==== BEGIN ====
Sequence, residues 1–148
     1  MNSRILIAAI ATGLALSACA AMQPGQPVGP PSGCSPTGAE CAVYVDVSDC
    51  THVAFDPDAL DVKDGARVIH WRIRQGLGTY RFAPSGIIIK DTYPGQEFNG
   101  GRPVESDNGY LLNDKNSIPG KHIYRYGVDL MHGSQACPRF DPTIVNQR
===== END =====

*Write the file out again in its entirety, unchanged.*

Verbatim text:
Sequence, residues 1–148
     1  MNSRILIAAI ATGLALSACA AMQPGQPVGP PSGCSPTGAE CAVYVDVSDC
    51  THVAFDPDAL DVKDGARVIH WRIRQGLGTY RFAPSGIIIK DTYPGQEFNG
   101  GRPVESDNGY LLNDKNSIPG KHIYRYGVDL MHGSQACPRF DPTIVNQR